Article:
Yes, almost all linguists are now grammar friendly because of this man.
I read Noam Chomsky the leader of the revolution in modern linguistics since 1957, when he refuted B.F. Skinner's predominant ideas (that language was simple training and memorization).
Noam Chomsky - The Revolutionaryï»¿
Chomsky blew people's minds when he described language as part of a human organ in the brain, genetically based. He placed the authority for language in the brains of children. Now that is a true disruption.
He explains what he means by a generative grammar, and why the idea is so fundamental and extraordinary:
By a generative grammar I mean simply a system of rules that in some explicit and well-defined way assigns structural descriptions to sentences. Obviously, every speaker of a language has mastered and internalized a generative grammar that expresses his knowledge of his language. This is not to say that he is aware of the rules of the grammar or even that he can become aware of them, or that his statements about his intuitive knowledge of the language are necessarily accurate.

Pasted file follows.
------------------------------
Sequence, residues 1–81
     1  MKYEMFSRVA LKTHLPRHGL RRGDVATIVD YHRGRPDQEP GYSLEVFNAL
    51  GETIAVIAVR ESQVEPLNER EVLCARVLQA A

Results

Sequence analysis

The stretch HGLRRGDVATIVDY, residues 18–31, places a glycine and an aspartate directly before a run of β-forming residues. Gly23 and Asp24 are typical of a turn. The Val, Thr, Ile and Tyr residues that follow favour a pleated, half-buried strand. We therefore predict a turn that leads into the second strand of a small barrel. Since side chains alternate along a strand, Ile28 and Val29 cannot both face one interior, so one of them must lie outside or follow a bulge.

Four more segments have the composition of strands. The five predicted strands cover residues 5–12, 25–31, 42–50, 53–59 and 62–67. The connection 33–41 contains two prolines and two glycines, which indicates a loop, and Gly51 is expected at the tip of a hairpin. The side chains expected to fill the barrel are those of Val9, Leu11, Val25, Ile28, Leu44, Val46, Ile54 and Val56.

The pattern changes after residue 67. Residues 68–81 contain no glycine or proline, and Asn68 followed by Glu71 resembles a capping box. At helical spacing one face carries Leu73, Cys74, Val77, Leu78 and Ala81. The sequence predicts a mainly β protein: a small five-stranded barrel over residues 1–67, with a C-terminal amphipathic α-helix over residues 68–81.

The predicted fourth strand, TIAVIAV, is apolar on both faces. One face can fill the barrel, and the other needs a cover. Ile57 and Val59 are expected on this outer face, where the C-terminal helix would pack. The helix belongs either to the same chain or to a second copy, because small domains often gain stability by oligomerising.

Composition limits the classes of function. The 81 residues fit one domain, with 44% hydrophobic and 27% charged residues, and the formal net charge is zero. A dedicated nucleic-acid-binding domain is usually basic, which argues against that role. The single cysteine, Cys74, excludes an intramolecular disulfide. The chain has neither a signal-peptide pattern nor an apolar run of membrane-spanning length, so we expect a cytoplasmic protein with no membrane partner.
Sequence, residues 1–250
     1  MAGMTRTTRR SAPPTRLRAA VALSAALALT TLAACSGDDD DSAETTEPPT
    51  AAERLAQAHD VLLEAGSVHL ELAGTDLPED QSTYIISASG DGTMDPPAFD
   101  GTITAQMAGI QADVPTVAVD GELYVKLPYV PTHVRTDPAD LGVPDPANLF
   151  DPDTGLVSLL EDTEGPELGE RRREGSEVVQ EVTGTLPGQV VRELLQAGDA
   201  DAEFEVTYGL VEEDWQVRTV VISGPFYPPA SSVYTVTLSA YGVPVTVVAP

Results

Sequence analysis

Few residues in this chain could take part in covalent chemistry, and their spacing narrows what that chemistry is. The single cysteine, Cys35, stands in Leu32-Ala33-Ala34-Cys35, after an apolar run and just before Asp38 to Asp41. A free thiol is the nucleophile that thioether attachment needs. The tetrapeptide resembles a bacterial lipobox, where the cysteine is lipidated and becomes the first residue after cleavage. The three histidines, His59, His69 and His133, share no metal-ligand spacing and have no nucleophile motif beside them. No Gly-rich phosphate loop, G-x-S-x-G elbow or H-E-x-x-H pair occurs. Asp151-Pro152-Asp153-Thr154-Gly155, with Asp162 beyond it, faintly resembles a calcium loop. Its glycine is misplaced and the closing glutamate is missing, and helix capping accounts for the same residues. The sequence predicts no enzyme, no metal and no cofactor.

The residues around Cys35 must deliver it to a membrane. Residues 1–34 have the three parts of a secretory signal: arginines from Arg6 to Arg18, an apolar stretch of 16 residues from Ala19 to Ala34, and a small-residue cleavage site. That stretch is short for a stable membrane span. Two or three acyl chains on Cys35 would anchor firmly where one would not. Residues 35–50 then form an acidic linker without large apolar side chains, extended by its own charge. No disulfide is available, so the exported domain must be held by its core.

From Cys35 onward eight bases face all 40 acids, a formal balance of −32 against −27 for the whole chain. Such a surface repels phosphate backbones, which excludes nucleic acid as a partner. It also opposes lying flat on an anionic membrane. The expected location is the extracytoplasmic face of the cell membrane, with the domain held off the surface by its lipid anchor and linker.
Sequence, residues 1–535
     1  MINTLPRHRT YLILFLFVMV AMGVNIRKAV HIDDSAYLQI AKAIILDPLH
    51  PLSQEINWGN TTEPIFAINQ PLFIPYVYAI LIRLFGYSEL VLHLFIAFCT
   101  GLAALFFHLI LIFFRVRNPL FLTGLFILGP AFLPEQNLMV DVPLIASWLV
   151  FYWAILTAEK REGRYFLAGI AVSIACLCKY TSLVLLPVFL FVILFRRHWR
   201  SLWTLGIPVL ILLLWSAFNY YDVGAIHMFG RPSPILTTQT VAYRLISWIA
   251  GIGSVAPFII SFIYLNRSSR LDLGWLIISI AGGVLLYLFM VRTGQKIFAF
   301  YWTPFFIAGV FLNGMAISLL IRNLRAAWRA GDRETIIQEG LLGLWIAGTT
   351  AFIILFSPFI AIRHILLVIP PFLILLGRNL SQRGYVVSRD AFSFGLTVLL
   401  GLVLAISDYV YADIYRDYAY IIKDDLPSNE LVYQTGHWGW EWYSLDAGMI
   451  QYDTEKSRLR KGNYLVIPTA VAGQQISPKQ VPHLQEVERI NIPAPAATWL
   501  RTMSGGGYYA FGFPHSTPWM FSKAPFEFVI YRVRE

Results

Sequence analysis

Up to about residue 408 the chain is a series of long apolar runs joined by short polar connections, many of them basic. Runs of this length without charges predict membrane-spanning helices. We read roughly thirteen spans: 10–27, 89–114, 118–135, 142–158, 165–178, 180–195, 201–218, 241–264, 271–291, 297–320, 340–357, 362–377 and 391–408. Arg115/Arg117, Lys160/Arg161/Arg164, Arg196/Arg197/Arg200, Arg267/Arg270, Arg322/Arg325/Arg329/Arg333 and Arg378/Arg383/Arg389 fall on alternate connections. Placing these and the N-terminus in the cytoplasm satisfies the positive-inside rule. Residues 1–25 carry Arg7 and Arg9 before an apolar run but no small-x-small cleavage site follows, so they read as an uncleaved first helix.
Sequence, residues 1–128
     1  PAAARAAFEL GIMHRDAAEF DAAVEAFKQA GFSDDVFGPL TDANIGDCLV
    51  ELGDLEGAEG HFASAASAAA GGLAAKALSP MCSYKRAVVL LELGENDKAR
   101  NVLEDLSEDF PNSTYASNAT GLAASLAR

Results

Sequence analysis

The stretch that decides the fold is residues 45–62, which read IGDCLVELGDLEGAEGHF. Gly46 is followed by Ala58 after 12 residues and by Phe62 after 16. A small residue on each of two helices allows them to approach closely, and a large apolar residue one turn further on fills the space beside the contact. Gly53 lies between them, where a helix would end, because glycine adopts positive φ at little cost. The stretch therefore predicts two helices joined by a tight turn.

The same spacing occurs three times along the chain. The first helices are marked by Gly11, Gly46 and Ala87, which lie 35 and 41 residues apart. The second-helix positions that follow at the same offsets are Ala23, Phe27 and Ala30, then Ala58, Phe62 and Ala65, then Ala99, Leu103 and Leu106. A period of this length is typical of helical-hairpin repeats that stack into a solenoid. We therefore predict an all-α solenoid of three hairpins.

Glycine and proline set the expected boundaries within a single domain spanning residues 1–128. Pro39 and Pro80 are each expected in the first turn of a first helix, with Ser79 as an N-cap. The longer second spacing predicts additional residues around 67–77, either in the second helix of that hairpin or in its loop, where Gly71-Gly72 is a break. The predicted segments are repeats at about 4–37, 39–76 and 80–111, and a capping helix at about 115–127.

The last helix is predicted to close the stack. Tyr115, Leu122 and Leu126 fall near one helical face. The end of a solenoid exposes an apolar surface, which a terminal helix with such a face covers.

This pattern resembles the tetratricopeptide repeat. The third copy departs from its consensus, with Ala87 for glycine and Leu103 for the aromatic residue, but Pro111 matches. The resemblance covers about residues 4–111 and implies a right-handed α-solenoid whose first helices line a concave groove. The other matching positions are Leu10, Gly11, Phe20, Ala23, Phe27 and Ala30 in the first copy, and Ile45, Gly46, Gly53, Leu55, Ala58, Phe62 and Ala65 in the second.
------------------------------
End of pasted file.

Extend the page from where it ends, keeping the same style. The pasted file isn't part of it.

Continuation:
Generative grammar refers to the mechanisms in the human brain along with the systems of rules that are embedded in the human brain like hardware and software.
This concept is what allows human beings to create an infinite number of unique sentences, each with its own quirks, but following basic underlying rules that babies understand.
The fact that all normal children acquire essentially comparable grammars of great complexity with remarkable rapidity suggests that human beings are somehow specially designed to do this, with data-handling or 'hypothesis-formulating' ability of unknown character and complexity.